“Faith is taking the first step even when you don’t see the whole staircase.”
-Martin Luther King, Jr.
The first draft of my third novel (a cosmic horror/terrorism thriller mashup) is almost finished. Most days I’m having fun with it. There are a lot of cool elements and crazy scenes that I can’t wait to unleash on readers, but the writing process has also been fraught with uncertainty. I mean, it usually is, but maybe more so for this book. Or maybe I just don’t remember the doubts I had about the other books when I was writing them because by the time they’re finished they make sense and it gets harder to recall the days when they didn’t and the times when I struggled to find the path forward. I’m also working faster than I ever have before because now I have deadlines, so that could have something to do with it.
I’m an intuitive writer, a seat-of-the-pants improviser who does a fair amount of revision. I can’t see what’s at the top of the staircase when I put my foot on the first step. For me, that uncertainty keeps the writing fresh and spontaneous. I never feel like I’m just transcribing some preordained plot. But it also means that I arrive at junctures along the way where it’s hard to put words down because I just have no idea what happens next.
At those times I always ask WWCD? What would this character do? Not what should I make this character do to move the plot from A to B or C to D. What would she do next that is most true to her background, personality, hopes, fears and motivation at this moment based on everything I know about her. If I can write a scene in which the character makes her next move based on those authentic influences, then the story takes a step forward on solid footing. And then I pick another character and ask the same question: WWCD? And this person—ally or antagonist to the main character—comes up to bat with all of their own drives and flaws and tendencies.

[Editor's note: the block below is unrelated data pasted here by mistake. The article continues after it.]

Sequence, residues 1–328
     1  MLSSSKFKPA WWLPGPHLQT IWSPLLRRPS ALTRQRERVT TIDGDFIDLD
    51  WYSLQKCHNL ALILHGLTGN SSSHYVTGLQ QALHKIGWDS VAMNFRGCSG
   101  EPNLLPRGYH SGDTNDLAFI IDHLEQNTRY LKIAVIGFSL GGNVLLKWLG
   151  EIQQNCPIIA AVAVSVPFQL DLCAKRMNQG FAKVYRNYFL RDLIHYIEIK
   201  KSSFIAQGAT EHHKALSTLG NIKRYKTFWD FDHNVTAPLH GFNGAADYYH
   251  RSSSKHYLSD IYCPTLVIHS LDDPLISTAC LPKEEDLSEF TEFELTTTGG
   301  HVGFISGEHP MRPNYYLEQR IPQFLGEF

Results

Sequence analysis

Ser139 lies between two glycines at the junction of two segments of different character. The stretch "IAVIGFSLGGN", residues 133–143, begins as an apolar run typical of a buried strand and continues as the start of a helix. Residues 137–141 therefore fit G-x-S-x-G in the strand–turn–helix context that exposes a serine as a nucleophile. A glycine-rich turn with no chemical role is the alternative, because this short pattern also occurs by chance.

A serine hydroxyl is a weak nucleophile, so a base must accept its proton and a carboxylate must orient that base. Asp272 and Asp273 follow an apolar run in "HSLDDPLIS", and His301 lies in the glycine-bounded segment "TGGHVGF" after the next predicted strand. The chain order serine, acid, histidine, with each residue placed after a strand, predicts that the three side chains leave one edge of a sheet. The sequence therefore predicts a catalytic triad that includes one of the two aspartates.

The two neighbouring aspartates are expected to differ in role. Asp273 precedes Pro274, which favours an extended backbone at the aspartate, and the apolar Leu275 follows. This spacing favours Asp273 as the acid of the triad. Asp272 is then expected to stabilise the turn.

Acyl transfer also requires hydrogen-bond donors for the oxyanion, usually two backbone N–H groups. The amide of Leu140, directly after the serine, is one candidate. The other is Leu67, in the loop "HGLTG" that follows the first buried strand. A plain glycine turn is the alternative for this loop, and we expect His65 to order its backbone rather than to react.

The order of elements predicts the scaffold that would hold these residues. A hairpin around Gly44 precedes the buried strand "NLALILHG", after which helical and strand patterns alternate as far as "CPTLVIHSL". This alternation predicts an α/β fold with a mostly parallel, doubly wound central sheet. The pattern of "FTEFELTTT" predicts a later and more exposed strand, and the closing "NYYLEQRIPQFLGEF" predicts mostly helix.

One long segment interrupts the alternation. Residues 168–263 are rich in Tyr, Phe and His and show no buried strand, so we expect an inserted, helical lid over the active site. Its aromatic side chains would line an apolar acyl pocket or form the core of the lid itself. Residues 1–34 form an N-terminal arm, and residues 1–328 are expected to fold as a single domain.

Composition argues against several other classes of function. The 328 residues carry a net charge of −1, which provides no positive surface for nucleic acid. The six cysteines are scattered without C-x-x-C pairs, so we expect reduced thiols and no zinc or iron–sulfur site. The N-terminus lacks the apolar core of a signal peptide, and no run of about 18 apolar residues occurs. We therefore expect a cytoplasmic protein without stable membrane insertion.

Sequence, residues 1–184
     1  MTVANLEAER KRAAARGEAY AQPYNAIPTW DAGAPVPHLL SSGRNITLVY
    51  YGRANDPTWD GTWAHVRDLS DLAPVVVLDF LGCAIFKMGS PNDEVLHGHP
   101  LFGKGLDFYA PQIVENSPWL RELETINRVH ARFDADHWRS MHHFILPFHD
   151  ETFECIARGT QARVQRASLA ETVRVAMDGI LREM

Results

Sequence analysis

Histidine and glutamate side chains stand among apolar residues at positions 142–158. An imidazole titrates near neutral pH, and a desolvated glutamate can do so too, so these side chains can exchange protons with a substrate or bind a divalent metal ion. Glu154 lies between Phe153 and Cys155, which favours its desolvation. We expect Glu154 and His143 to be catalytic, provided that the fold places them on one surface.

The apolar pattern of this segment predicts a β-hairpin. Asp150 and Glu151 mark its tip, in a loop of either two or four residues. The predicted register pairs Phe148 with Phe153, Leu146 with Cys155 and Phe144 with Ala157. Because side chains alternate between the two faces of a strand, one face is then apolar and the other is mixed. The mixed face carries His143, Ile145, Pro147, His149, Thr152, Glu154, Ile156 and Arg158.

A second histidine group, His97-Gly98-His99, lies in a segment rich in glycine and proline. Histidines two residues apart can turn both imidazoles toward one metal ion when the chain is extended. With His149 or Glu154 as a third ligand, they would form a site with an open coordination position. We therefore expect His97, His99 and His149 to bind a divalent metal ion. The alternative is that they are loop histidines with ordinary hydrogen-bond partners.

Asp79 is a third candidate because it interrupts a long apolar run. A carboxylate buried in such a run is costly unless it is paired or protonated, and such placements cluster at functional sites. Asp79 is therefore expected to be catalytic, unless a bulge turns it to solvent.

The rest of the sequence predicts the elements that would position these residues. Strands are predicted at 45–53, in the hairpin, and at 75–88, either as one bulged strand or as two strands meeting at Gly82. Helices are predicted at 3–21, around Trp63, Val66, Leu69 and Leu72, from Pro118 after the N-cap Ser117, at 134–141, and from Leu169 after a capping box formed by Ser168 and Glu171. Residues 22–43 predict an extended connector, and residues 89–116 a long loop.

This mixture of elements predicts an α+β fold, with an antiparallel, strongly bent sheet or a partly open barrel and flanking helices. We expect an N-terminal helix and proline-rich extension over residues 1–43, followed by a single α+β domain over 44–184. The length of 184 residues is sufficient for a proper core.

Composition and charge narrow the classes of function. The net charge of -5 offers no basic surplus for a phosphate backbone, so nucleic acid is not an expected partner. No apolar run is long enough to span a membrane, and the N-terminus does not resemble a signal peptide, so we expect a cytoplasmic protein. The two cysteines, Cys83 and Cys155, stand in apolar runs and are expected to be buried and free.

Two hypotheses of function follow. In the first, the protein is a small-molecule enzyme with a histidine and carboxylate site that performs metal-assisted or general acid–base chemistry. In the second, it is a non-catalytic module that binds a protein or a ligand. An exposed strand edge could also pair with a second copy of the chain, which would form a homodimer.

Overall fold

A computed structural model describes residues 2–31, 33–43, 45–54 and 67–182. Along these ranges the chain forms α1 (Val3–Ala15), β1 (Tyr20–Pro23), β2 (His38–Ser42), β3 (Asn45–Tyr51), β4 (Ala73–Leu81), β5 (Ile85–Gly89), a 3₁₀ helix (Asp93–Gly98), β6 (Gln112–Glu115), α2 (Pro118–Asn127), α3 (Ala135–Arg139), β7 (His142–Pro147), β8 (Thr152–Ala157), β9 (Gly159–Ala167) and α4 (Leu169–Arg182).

If I know my characters well enough, if I know what makes them tick, they will inevitably have experiences that involve tension and conflict, love and hate, victory and defeat just by interacting with each other under the pressures of the premise.
As long as the premise and characters are rich with opposing forces, you don’t need to plot. This is nice because the reader never gets that feeling that the characters are just slot cars propelled around a track that was already laid out before the writer pulled the trigger.
Regarding premise, or situation, it’s a well-worn axiom that speculative fiction is born of the question “What if?” But that question is good for more than just starting a story. I keep it in my front pocket all the way through, and the notes of mine that most resemble an outline are lists of what if, what if, what if… Over and over again through various permutations, most of them rejected if they don’t jive with the internal logic of the story or the integrity of the characters.
Some writers get good results from plotting. Their brains just work differently from mine. I think I might try outlining my next book in advance because for once I know how that one will end. The ending came with the concept and I’ll probably have to build back from it to some extent, but the energy of that story still comes from what I know about the characters.
I think most of us read for the characters. To experience extreme empathy within the safe context of fiction, to vicariously escape into different points of view, to wonder what we would do in someone else’s shoes. So my advice to writers who are trying to find the confidence to start telling a story that they can’t yet see the end or even the middle of is Know Thy Characters. They will show you the way. When you get lost, dig deeper into the characters. I don’t think I’ve ever felt my way through a story as intuitively (blindly) as I’m doing with this one, but I’m pretty sure if I let the characters keep doing what they need to do, everything will fall into place. Soon.